- Determine if you’ll need to cut border tiles along the edges or ceiling. Hold border tiles in place and mark where cuts are needed.
- For outlet areas, measure and mark tiles where openings need to be cut.account for appliances and outlets when planning the layout.
Having a well-thought out design ensures professional looking results. Don’t rush the planning process.
Cut the Tiles
Most designs require some tile cutting around the edges or around outlets and appliances. Avoid hesitation marks by measuring twice and cutting once.
- Use a wet saw for clean, precise cuts. Mark the tile where the cut should be made.
- For curved cuts, use a tile nipper. Nip off small bits of the tile until the right shape is achieved.
- Cut holes for outlets or other openings with a drill and special tile bit. Start from the center and work out.
- Use a tile file to smooth any rough edges on cut tiles.
- Make sure edge tiles are at least half the width of a full tile. Very thin edges can crack off over time.
Cutting tile takes practice and skill. Don’t get discouraged if the first few don’t come out perfectly.
Apply the Tile Adhesive
With your tiles cut and prepped, it’s time to start adhering them to the wall. Follow these steps:
- Apply a thin layer of adhesive to a small section of the wall, about 4 square feet using a notched trowel.
- Press tiles into the adhesive firmly, using spacers between tiles for even grout lines.
- Work in small sections. Don’t cover too much wall with adhesive at once.
- Push any tiles that aren’t perfectly flat into the adhesive.
- Check tiles periodically to make sure they aren’t slipping and are flush with each other.
- Allow the adhesive to cure fully—24-48 hours usually—before grouting.
Take your time laying the tiles. The prep work will pay off with a flawless end result.
Apply the Grout
Grout fills the seams between the tiles with a waterproof material. Be meticulous during this step:
- Mix the grout per package directions. Let it sit 10 minutes then remix before using.
- Apply grout over the tile with a rubber grout float. Push it deeply into the seams.
- Wipe off excess grout with a damp sponge. Rinse the sponge and wipe again.
- Use a grout sealer once the grout has cured for 24-48 hours. This prevents stains or water damage.
- Avoid wiping grout across the tile surface. This can scratch the finish.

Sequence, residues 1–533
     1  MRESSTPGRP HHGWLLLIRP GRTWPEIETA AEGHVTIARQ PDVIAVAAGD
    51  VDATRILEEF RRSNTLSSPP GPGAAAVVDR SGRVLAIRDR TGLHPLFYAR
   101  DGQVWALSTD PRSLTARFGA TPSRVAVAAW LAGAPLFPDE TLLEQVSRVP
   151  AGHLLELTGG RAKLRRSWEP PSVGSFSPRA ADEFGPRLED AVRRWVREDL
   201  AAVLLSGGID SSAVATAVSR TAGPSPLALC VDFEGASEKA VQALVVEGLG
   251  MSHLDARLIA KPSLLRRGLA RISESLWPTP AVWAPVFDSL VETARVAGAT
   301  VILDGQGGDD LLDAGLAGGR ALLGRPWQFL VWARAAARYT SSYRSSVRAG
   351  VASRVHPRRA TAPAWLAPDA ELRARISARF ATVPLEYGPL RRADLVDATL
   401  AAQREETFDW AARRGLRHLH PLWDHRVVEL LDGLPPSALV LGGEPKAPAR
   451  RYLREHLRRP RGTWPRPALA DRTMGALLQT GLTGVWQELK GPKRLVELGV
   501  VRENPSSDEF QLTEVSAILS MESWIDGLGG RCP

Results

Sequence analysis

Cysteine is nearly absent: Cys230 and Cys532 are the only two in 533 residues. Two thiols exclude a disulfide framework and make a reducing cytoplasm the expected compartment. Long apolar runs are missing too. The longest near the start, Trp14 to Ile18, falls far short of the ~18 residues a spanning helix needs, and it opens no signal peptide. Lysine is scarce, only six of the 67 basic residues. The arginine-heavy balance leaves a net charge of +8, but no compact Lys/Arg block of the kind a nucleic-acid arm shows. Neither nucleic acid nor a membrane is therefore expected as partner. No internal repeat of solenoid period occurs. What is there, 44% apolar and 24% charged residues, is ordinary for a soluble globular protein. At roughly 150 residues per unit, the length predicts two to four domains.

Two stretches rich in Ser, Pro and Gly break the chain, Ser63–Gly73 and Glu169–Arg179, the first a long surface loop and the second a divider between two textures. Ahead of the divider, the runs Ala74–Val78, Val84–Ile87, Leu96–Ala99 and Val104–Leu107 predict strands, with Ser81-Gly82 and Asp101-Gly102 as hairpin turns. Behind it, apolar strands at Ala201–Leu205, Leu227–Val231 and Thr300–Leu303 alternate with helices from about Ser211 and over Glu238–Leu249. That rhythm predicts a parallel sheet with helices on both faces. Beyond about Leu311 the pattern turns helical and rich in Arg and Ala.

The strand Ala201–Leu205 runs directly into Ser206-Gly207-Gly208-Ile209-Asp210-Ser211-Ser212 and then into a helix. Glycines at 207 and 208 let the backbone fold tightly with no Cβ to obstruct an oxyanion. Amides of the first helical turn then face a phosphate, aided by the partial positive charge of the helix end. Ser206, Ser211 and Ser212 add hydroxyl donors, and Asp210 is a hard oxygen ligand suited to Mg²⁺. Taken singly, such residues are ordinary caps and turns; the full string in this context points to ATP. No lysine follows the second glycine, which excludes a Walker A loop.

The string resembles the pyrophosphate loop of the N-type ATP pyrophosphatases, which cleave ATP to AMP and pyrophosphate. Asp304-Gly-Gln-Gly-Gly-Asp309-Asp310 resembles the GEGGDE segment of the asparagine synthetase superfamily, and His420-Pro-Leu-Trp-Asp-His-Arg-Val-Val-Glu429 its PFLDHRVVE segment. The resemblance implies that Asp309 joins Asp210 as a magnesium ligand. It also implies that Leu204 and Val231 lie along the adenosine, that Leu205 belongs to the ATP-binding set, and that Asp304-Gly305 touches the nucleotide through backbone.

- Don’t allow any grout to dry on the tile surface. It’s extremely difficult to remove once dry.
Perfectly grouted seams take time and finesse. Don’t rush through it.
Finish with Sealant and Caulk
The final step is sealing any gaps and adding finishing touches:
- Run a bead of clear silicone caulk along the bottom edge, countertops, corners etc.
- Wipe away any excess caulk with a damp cloth or finger.
- Use painters tape to define sharp caulk lines between surfaces. Remove tape once caulk has dried.
- Seal natural stone tiles and grout once more with a penetrating stone sealer.
- Buff tiles and grout with a soft cloth.
Take care of any unfinished edges with caulk and sealer. This keeps moisture out and makes cleaning easier.
Maintaining Your New Backsplash
Follow these tips once your subway tile backsplash installation is complete:
- Use a gentle cleaner designed for tile rather than harsh chemicals.
- Re-seal grout every 1-2 years with a penetrating grout sealer.
- Immediately clean up any food, grease or water spills to prevent stains.
- Avoid using knives directly on the tile surface. Use a cutting board.
- If tiles become cracked or damaged, they can be replaced individually.
Caring for your backsplash properly ensures it stays looking like new for years to come.
With the right tools and techniques, even a novice DIYer can achieve professional-looking results installing a subway tile backsplash. Focus on careful prep work, precise tile-cutting, and meticulous attention to detail as you apply the tiles, grout, and sealant. Your beautiful new backsplash will be a focal point of your kitchen for decades to come.